There are three types of people who are excited about cryptocurrencies, he said, and the largest of these groups are speculators, someone who has seen the prices going up and wants to be part of a party by enjoying the benefits of rising prices.
"The second group of people are what you call a techno libertarian, which is someone who doesn't trust the government or the central bank,” he said.
For that group, having cryptocurrency is essentially a political mission, he stressed.
As for the final group of people, he added, they are looking for technological advances, as they see the financial system as inefficient, and they hope that by using high-tech they can make things that are costly or difficult work better.
When we see states react to cryptocurrencies, in most places the reason for government concern is because they like to control payment systems.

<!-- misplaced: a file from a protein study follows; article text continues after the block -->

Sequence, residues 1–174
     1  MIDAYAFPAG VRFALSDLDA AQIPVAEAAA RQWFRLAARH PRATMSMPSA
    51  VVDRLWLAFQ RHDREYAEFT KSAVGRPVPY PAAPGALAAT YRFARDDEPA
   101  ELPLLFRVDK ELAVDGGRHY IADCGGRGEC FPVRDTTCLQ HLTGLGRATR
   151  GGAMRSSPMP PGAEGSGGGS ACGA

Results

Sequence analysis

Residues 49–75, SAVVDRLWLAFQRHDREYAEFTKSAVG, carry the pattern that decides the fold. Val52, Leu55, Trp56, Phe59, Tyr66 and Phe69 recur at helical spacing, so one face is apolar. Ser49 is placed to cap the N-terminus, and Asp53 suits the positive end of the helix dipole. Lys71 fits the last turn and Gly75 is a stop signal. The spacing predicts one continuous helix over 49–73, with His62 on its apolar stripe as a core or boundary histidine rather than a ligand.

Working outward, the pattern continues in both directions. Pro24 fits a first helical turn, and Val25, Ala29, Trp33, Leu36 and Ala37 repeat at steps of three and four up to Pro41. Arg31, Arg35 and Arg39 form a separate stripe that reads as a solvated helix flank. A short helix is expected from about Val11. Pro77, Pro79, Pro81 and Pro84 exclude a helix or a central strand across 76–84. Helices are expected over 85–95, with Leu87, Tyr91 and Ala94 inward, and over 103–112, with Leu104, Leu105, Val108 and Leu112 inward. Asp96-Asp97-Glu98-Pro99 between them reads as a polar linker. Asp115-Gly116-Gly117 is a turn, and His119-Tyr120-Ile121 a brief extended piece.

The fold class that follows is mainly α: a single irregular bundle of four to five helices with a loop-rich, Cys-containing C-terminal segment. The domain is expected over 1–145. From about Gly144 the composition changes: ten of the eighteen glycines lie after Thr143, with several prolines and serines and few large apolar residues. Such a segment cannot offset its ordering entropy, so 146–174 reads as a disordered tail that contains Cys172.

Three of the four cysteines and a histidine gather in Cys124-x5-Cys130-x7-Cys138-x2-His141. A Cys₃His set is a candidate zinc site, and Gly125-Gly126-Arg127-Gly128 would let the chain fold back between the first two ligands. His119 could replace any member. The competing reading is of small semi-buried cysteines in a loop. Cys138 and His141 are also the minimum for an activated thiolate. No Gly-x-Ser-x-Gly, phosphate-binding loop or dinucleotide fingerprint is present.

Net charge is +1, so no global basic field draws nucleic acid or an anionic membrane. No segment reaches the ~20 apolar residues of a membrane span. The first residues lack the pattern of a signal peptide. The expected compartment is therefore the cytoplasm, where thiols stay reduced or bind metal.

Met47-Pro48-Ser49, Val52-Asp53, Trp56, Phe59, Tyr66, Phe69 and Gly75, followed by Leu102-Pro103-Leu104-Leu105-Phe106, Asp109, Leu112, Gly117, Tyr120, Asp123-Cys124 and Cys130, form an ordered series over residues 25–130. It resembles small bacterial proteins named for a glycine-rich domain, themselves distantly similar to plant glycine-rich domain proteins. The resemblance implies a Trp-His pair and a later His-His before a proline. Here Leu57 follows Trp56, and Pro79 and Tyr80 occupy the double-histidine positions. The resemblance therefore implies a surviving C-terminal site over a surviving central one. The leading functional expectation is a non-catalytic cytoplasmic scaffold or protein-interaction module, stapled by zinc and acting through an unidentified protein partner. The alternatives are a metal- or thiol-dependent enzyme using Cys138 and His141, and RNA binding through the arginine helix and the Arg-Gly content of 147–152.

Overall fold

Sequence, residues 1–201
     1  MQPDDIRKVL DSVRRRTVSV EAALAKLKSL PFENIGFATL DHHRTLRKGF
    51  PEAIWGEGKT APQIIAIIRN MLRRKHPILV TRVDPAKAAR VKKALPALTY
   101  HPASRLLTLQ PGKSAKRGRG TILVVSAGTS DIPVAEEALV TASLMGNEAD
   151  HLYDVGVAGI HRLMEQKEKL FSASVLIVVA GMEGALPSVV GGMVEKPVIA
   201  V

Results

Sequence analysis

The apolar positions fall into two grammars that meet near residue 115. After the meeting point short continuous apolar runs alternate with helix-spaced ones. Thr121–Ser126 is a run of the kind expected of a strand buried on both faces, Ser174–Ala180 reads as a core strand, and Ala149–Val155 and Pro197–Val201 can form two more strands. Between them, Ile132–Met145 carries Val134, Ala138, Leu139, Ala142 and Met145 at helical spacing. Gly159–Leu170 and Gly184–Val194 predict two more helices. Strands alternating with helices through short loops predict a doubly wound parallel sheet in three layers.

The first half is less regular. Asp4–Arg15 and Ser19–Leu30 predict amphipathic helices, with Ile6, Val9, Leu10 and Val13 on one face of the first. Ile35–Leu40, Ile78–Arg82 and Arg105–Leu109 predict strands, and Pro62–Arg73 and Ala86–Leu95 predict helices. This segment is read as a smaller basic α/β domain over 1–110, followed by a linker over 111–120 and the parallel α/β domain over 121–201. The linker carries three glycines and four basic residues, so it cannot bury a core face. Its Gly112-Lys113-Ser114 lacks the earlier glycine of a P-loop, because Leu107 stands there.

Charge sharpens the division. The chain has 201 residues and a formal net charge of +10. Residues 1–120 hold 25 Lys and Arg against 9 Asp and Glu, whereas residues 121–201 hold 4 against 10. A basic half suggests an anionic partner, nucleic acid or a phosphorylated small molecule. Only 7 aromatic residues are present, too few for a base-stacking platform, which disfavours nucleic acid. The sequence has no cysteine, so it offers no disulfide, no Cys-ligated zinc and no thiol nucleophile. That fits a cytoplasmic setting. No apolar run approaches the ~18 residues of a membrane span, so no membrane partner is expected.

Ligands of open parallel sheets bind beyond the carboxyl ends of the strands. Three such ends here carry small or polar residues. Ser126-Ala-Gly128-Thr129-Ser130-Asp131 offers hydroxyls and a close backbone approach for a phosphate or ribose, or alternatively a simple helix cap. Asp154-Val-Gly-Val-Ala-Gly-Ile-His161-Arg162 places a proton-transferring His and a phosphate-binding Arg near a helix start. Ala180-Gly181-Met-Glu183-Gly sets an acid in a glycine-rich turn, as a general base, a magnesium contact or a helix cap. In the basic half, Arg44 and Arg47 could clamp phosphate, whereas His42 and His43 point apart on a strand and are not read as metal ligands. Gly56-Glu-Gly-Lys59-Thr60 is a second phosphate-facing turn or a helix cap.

A payment system is how you send money from one person or one company to another, or how you send money to people in your own country and abroad.
"So what is behind the government's reaction to cryptocurrencies in most places is a desire to keep this money flow under government control," according to Danielsson.
"You see this certainly in China, India, the U.K., Turkey and Europe – it’s always the same desire," he stressed, adding that governments like to control the payment system, and they certainly do not want foreign private firms playing this role.
Therefore, every major central bank in the world has been establishing its own central bank digital currencies, he said.